A group of sixteen states has filed a brief calling on the Supreme Court to rule that it’s legal to fire people for being transgender.
In the amicus brief filed Friday, the states recommended the Court consider R.G. & G.R. Harris Funeral Homes, Inc. v. Equal Employment Opportunity Commission, a case about a Michigan funeral home that fired an employee, Aimee Stephens, for transitioning while on the job. The U.S. Court of Appeals for the Sixth Circuit ruled in March that Stephens’ termination violated Title VII’s protections on the basis of sex, and the Alliance Defending Freedom, an anti-LGBTQ hate group, has appealed the case to the Supreme Court.
The Supreme Court should hear the case, the states argue, and reverse it. Calling the Sixth Circuit’s decision “policy experimentation” and an “egregious error,” the states insist that the word “sex” can only mean biological sex and should not be interpreted to include gender identity. “‘[G]ender identity’ is a wholly different concept from ‘sex,’ and not a subset or reasonable interpretation of the term ‘sex’ in Title VII,” they write.
This is accompanied by a full page of dictionary citations that define the word “sex” according to “reproductive functions” or “reproductive organs.” The states also point to language in Title IX that allows educational institutions to maintain “separate living facilities for the different sexes.” This use of “different” somehow proves “that Congress was referring to the two biological sexes” whenever it used the term “sex.”
The states also insist that because Congress has at times tried to pass laws enumerating protections specifically for “gender identity,” this proves that it’s different from “sex.” Likewise, because Congress has used both terms at the same time, that must indicate that the two “are not interchangeable.”
These arguments ignore that in the past, courts had ruled against the claim that transgender people are protected under Title VII. The effort by the LGBTQ movement to convince both the courts and Congress to ensure that transgender people cannot be fired just for being trans is a both/and strategy, not an either/or one. It is simultaneously true that discriminating on the basis of gender identity requires discriminating on the basis of sex and that enumerating those protections will better safeguard from courts who don’t agree.
The states represented in the suit include Nebraska, Alabama, Arkansas, Kansas, Louisiana, Oklahoma, South Carolina, South Dakota, Tennessee, Texas, Utah, West Virginia, and Wyoming, as well as Kentucky Gov. Matt Bevin (R), Maine Gov. Paul LePage (R), and Mississippi Gov. Phil Bryant (R). Utah and Maine have state laws protecting against anti-LGBTQ employment discrimination, but none of the rest do.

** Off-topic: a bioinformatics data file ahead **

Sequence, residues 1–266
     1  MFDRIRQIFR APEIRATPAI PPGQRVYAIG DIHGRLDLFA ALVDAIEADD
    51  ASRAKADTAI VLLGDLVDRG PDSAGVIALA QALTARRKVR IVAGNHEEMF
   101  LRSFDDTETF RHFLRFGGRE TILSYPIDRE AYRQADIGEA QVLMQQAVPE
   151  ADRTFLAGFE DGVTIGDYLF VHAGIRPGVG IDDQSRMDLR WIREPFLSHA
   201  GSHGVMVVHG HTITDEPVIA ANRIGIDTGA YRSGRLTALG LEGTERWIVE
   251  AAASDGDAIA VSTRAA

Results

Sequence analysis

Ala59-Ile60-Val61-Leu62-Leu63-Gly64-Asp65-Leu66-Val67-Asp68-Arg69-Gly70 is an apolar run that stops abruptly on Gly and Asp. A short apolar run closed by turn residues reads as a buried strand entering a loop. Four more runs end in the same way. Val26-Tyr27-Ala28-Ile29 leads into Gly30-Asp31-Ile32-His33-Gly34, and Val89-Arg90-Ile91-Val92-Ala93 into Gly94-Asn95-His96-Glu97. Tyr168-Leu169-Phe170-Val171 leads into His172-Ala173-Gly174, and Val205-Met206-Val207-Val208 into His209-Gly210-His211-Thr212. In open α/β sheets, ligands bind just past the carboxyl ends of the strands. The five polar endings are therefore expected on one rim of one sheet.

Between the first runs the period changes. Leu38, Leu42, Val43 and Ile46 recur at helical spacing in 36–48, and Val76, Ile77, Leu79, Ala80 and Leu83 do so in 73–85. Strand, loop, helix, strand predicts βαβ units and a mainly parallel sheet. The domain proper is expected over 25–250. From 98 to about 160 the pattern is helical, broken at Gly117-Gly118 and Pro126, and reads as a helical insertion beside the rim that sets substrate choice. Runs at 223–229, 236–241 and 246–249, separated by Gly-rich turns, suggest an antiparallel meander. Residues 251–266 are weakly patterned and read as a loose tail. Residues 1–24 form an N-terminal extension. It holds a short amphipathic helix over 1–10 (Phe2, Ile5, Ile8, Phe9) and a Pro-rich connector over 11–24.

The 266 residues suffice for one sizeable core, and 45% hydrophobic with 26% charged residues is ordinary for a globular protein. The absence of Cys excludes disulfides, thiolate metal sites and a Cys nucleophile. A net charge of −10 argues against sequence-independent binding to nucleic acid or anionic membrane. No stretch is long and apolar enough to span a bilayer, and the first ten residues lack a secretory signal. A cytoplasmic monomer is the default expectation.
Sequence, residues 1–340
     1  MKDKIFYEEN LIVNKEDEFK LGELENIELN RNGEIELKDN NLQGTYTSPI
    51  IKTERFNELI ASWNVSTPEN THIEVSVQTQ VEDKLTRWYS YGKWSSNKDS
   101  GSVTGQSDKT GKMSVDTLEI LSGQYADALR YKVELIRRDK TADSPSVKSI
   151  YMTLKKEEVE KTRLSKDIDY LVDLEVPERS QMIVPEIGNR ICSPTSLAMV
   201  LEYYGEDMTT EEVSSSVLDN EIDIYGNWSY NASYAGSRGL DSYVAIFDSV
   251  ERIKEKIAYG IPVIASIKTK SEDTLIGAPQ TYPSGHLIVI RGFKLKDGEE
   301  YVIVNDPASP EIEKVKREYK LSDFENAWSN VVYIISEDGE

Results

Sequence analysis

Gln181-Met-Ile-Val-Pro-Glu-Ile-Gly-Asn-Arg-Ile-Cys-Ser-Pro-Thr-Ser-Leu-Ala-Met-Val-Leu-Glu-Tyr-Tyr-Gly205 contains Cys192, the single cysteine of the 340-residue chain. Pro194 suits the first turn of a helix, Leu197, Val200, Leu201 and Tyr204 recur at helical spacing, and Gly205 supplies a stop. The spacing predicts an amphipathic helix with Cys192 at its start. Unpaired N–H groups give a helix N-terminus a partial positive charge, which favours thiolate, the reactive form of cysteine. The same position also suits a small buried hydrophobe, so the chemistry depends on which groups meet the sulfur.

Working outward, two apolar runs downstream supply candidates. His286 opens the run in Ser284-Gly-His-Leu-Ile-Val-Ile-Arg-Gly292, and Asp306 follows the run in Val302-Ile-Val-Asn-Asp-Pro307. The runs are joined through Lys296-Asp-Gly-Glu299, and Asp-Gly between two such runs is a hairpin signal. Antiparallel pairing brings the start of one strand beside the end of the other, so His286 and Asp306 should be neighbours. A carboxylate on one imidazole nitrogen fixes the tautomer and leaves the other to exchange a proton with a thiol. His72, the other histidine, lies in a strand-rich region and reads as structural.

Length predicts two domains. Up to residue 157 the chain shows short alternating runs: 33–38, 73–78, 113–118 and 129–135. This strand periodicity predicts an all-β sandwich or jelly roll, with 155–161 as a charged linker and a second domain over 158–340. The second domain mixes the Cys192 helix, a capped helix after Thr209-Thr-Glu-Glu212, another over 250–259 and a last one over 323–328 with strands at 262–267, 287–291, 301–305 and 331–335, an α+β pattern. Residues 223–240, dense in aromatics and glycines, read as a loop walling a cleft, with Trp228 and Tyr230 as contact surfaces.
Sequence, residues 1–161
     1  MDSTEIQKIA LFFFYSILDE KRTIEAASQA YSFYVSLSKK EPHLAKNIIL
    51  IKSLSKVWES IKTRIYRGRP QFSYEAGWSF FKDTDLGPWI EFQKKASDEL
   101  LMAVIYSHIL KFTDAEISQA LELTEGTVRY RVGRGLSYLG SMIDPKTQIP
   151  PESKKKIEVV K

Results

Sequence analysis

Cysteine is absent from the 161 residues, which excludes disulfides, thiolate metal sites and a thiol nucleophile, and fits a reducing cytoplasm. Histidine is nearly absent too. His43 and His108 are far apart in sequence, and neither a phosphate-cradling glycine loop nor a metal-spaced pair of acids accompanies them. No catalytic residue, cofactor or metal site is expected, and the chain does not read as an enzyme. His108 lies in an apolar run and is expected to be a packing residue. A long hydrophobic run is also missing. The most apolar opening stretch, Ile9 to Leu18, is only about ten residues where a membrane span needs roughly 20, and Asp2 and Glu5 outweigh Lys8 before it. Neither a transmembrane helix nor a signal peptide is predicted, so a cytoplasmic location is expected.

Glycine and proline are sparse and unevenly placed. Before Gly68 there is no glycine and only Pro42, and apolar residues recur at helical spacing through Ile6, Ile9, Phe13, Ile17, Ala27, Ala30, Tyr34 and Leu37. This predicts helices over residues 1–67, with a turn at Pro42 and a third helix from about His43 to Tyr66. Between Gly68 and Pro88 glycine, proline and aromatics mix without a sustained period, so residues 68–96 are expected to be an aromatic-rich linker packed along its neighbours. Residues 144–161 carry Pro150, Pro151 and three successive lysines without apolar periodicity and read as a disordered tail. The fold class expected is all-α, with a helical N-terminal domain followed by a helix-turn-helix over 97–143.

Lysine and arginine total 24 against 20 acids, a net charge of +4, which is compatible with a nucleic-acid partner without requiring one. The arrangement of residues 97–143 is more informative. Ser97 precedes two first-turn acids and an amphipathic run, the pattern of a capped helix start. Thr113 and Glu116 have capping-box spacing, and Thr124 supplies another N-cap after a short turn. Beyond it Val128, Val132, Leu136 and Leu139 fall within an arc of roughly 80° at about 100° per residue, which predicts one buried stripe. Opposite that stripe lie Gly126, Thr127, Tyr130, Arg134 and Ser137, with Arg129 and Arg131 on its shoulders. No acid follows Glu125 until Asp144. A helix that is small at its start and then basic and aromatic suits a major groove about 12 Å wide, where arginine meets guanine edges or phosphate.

There has already been significant backlash against the brief.
Kentucky Attorney General Andy Beshear (D), who refused to sign the brief on behalf of the state, called Bevin’s decision to sign on “surprising” given that Kentucky state employees do enjoy protections against anti-LGBTQ discrimination, thanks to an executive order that Bevin has not rescinded. The Fairness Campaign, Kentucky’s state LGBTQ group, has also decried Bevin’s decision.
— Fairness Campaign (@FairnessCamp) August 24, 2018
Utah Attorney General Sean Reyes (R) has defended his decision to join the brief simply because he believes that “Congress — not the federal courts — should decide those types of policy questions.” The Alliance for a Better Utah, a government accountability group, believes Reyes’ participation flies in the face of the 2015 “compromise” law that created statewide LGBTQ protections in housing and employment.
“Sean Reyes’ signature on this amicus brief is a flagrant violation of the spirit of that compromise based in inclusion and acceptance,” said Chase Thomas, policy and advocacy counsel for the Alliance. “Whether gay, straight, bisexual or transgender, every person deserves to be able to pursue a career without fear of discrimination.”
In a statement, the National Center for Transgender Equality’s Harper Jean Tobin described the brief as “a political attack on the humanity of transgender people” and accused the attorneys general and governors of “acting in a complete state of ignorance.”
Three other briefs have been filed calling on the Supreme Court to reverse the Sixth Circuit’s decision. Two of them are from organizations the Southern Poverty Law Center has identified as anti-LGBTQ hate groups. Roy Moore’s Foundation for Moral Law argues that religion should justify firing transgender people, and Public Advocate of the United States complains that the Sixth Circuit was biased because it was willing to identify Stephens with female pronouns.